Electrical muscle stimulation is a form of therapy that speeds up the healing of muscle spasms, sports injuries and more. Patients are hooked up to a muscle stimulation machine and the electrical pulse settings are adjusted to target their individual condition.
How does electrical muscle stimulation work?
Dr. Jeffery Clark: Well, again, explaining this in a conversation is hard without maybe some diagrams and so on, but I will do the best I can. First of all, it works to help with relief of pain, muscle reeducation, promotes or mimics the action potential coming from the central nervous system. That may have sounded like, “Well, that is a bunch of technical stuff,” but, for example, if we are stimulating an injured muscle and we stimulate it, well, that will cause the muscles to get more blood supply to it. It will start to relax more and it will actually help break down scar tissue. For example, muscle reeducation. Let’s say someone has some paralysis. Well, that will help stimulate and remind the muscle what it is supposed to do until the nerve function increases. Again, there is a lot of things of how it works, and we just use it according to what we are trying to treat.
What does this treatment feel like for a patient receiving it?
Dr. Jeffery Clark: There are several different ways of hooking someone up on a muscle stim machine. A lot of people think of the little TENS unit that you see, or I have seen them trying to sell them on TV. They are the size of a transistor radio, and they run off a 9-volt battery. Now, those are fine with someone with chronic pain that they want to just use some home relief, but the actual muscle stimulation machine here, obviously, it runs off of 110. It is a lot stronger. It depends on what we are trying to do. It can just tingle a little bit and patients will feel a tingling sensation. It might be a little more irritating, and actually, it can be a little painful.
I just got done having some therapy for my shoulder from my chiropractor, and quite frankly, I did not really like it. It irritates me, but it made a big difference. I would go in there, and he would have to do it, put it on me, and I did it for a couple of weeks, and along with adjustments and I am fine now. I am one of those, I do not really care for it, but I know it works well and so we use it in our office. Again, you try to not so a patient’s in pain when you use it. You go up to a patient’s tolerance. Once they feel like that is about all they can take, then that is where we stop the stim.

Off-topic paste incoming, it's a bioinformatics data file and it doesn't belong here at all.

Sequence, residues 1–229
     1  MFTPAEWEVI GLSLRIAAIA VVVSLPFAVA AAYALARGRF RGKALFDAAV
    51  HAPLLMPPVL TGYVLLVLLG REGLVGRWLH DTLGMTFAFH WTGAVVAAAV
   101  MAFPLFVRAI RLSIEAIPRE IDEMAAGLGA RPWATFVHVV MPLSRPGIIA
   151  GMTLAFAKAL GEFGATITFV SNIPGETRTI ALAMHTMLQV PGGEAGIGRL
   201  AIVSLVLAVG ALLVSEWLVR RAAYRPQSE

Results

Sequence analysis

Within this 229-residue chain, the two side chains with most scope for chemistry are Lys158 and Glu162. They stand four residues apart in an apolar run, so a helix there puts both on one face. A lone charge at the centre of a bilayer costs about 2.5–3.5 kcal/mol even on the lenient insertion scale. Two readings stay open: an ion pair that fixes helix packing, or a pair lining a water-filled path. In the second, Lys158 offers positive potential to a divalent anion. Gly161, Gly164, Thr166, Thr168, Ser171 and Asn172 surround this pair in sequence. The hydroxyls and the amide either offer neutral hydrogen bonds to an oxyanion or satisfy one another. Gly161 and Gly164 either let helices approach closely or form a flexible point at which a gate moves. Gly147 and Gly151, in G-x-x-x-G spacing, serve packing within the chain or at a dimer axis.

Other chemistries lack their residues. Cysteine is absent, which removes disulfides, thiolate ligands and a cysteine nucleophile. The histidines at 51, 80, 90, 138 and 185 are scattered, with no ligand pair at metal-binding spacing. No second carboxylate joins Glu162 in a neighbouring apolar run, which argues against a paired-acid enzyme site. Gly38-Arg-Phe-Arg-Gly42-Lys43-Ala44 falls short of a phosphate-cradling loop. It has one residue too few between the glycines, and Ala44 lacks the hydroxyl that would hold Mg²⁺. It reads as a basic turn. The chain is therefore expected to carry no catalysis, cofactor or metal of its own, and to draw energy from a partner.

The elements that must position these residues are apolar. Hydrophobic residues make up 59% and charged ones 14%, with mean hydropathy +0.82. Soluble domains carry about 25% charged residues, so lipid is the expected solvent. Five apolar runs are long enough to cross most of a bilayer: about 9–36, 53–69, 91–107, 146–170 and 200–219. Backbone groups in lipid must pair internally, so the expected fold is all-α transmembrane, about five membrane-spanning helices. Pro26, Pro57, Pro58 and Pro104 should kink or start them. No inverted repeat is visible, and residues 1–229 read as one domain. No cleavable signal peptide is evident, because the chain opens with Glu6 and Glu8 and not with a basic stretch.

What conditions do electrical muscle stimulation help to heal or improve?
Dr. Jeffery Clark: Well, just about all sorts of spinal related problems including muscle and skeletal problems. For example, neck pain, back pain, arm pain, leg pain. Most people use it, for example, for muscle strains, sprains, spasms, paralysis. Each thing requires a different frequency and duration, so it really depends on the condition, but let’s say someone comes in with a lower back pain and their antalgic. Now, when I say antalgic that means they are in such stress and the muscles are in such spasm they are leaning to the side and they can’t straighten up. Well, we would put that on a different setting then when someone else who just had back pain, they did not have all the spasms. The setting would be different accordingly. Again, it treats a variety of conditions. In our office, probably 25% of the time we use a lot more other therapies, but we have it available if anyone needs it.
How do electrical muscle stimulation treatments help with sports recovery?
Dr. Jeffery Clark: Quite a bit and a lot, I would say. For example, we see a lot of athletes here in Omaha from the different high schools and even a couple of the colleges that are close by. For example, if someone pulls a hamstring. We would put the muscle stim on the hamstring and we would start to stimulate it to get that fired up again.
A lot of times when people pull a hamstring they do not realize it is not just back where the back of their leg is up to their pelvis. It can all the way down their leg. As far as pain, I had a guy here a few weeks ago that had pulled a hamstring, could barely walk in. Of course, I do my examination. He was black and blue from his lower back all the way down to his ankle from pulling a hamstring. Again, we do the muscle and we are aware of how we have to put it on. We have them do ice therapy. We use that a lot with sports injuries.
How often should someone get electrical muscle stimulation treatments?
Dr. Jeffery Clark: Well, first of all, not everyone gets it. There are some people we just do not use it on. They do not need it. They are not having that acute, chronic, aggravating pain that is going on with a lot of spasms. A lot of people maybe just have a disc involvement with a pinched nerve. I may not use it for that, but if someone comes in having a lot of spasms we will. Let’s just talk about that patient that we use it on.
During the first week if they really have a lot of spasms and they can hardly stand up straight I may use that on them every day for five, six days. Then we will start using it three times a week, and then down to maybe a couple times a week, and then pretty much after that then we are done. We just continue to adjust them, but we do not do the therapies every time you see them. After they get stabilized then we just adjust their spine. We do not do any more muscle stim after that. It is not something you do it every time you see someone like those maintenance patients what come in one month. We do not use it on them. It is mostly for early on in care and condition based.
If you are interested in speaking with Dr. Jeffrey Clark, visit www.theomahachiropractor.com or call (402) 393-0566 to schedule an appointment.